Sympathoadrenal (epinephrine [A] and autonomic symptoms [B]) and EGP (C) responses during the hyperinsulinemic-hypoglycemic clamp in T1D subjects before (○) and 6 months after (▲) islet transplantation (n = 12) and in nondiabetic control subjects (■) (n = 8, except for epinephrine, where n = 6). The shaded area represents the 95% CI for data derived from the hyperinsulinemic-euglycemic control experiments (n = 32, except for epinephrine, where n = 30).

EGP and Free Fatty Acids

EGP was suppressed during hypoglycemia in the T1D subjects before transplantation (P < 0.01 vs. control subjects) to levels not different from under euglycemic conditions, whereas EGP increased in response to hypoglycemia after transplantation (P < 0.05) such that the magnitude of the response was not different from that in control subjects (Fig. 2C and Table 2). Free fatty acids were suppressed during hypoglycemia in the T1D subjects before transplantation (P < 0.01 vs. control subjects) but increased in response to hypoglycemia after transplantation (P < 0.05) such that the magnitude of the response was not different from that in control subjects (Table 2).

The current study demonstrates that intrahepatic islet transplantation can restore glucose counterregulation and improve hypoglycemia symptom recognition in patients with long-standing T1D. To our knowledge, these are the first data to show that the EGP response to insulin-induced hypoglycemia, absent in the patients with long-standing T1D before transplantation, was normalized by 6 months after transplantation. Because the ability to increase EGP is ultimately required to circumvent the development of low blood glucose, this finding helps to explain the dramatic effect of clinical islet transplantation on the amelioration of problematic hypoglycemia in T1D patients with severe hypoglycemia unawareness.

These results extend by longitudinal design to prior cross-sectional studies indicating that intrahepatic islets respond appropriately to insulin-induced hypoglycemia by suppressing endogenous insulin secretion (6,7) and partially restoring glucagon (7) and epinephrine secretion (8). That the magnitude of the glucagon response is less than normal may be explained by the mass of surviving islets being less than normal as estimated by measurement of the β-cell secretory capacity. In fact, the glucagon response after islet transplantation reported here appears greater than in our prior studies (7,8) and is consistent with the significant improvement in β-cell secretory capacity to ∼40–50% of normal that we reported using the CIT07 protocol for islet transplantation (9). Although epinephrine can augment glucagon secretion (15), it stands to reason that the glucagon response is from transplanted rather than from native islets because patients with long-standing T1D who have normal epinephrine responses to insulin-induced hypoglycemia still fail to release glucagon (16). An alternative explanation for the partial glucagon response posits inhibition of intrahepatic α-cells by the resulting increased EGP because local glucose levels may be higher than that measured peripherally (17). However, the normal suppression of C-peptide during hypoglycemia indicates that intrahepatic β-cells appropriately sense and respond to the degree of peripheral hypoglycemia. Whether alternative sites for islet transplantation allow for greater glucagon responses (18) and glucose counterregulation requires further study.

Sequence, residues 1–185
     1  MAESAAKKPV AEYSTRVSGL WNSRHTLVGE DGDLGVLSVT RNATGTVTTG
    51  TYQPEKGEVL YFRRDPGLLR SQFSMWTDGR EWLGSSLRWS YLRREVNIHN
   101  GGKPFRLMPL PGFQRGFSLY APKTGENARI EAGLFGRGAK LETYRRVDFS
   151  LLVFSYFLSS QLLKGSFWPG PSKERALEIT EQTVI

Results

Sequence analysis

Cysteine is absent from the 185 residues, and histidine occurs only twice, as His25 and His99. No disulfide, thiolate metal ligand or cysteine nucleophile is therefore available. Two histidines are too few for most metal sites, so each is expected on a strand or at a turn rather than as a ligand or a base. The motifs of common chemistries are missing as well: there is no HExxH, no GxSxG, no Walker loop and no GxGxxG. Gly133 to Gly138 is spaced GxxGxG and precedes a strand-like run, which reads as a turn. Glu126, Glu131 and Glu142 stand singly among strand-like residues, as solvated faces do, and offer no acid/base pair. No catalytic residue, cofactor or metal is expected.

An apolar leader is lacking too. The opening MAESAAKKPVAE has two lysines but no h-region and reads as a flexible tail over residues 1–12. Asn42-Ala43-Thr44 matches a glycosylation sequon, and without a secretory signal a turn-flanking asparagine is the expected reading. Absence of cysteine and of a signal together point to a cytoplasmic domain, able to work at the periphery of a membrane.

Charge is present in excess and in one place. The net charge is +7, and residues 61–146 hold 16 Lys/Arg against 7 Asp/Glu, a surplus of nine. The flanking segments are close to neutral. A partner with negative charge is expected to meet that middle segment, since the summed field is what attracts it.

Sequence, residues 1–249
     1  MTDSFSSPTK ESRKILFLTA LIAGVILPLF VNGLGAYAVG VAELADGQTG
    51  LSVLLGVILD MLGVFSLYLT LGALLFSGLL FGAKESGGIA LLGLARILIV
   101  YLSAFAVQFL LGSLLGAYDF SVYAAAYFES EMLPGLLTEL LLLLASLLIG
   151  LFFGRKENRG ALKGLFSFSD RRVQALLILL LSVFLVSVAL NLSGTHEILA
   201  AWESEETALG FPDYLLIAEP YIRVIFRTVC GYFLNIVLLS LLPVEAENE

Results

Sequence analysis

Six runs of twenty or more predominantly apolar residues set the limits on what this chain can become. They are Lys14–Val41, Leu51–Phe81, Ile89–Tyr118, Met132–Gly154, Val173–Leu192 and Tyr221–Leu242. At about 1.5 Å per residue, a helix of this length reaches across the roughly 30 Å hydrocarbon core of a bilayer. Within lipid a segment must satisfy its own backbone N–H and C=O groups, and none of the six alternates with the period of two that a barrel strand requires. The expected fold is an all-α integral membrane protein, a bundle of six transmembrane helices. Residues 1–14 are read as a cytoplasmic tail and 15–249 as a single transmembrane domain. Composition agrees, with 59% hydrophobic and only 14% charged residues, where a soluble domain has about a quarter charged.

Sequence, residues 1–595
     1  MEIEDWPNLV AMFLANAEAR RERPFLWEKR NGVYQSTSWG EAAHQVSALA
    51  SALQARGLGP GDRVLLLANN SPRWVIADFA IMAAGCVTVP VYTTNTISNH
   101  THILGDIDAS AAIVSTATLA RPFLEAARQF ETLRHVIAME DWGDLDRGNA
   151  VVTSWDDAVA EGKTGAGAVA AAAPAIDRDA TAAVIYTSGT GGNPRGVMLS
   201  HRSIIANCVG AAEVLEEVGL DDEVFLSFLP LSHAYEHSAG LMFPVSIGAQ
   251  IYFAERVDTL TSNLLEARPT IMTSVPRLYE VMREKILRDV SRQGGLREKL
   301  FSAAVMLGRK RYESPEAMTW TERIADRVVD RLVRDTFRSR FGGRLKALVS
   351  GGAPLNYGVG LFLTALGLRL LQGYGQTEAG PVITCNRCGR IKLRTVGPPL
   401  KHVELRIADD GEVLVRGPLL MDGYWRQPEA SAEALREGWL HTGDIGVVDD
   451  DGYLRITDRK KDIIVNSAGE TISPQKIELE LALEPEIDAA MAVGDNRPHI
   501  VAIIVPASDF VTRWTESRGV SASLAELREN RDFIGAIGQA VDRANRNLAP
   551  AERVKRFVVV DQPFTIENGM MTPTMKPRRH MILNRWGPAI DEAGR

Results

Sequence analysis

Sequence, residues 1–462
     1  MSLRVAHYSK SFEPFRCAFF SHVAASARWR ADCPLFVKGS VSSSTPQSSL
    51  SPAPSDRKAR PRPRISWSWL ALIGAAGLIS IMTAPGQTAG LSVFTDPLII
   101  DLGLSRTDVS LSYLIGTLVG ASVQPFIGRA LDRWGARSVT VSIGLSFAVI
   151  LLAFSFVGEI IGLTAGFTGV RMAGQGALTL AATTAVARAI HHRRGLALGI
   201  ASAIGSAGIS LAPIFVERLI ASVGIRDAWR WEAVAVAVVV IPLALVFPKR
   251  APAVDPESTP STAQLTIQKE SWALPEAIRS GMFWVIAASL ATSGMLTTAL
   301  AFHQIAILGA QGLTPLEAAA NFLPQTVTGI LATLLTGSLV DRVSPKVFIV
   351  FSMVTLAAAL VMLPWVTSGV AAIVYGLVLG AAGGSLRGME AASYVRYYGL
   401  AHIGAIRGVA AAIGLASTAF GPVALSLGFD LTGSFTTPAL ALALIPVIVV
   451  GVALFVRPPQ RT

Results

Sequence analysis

Abolition of hypoglycemia after islet transplantation was documented by CGMS, indicating almost no time spent <70 mg/dL. This finding is consistent with prior reports on glycemic control evaluated by CGMS in islet recipients, including a large number of subjects using insulin to maintain near normoglycemia (1921). The avoidance of time spent hypoglycemic would be expected to ameliorate HAAF. Indeed, the markedly impaired epinephrine secretion before transplantation was significantly improved after transplantation, and autonomic symptoms, also impaired before transplantation, improved by trend and were not different from control subjects after transplantation. Pancreatic polypeptide secretion, a marker of parasympathetic (vagal) activation of the islet that failed to activate before transplantation, responded to hypoglycemia after islet transplantation and likely represents another marker for reversal of HAAF (16).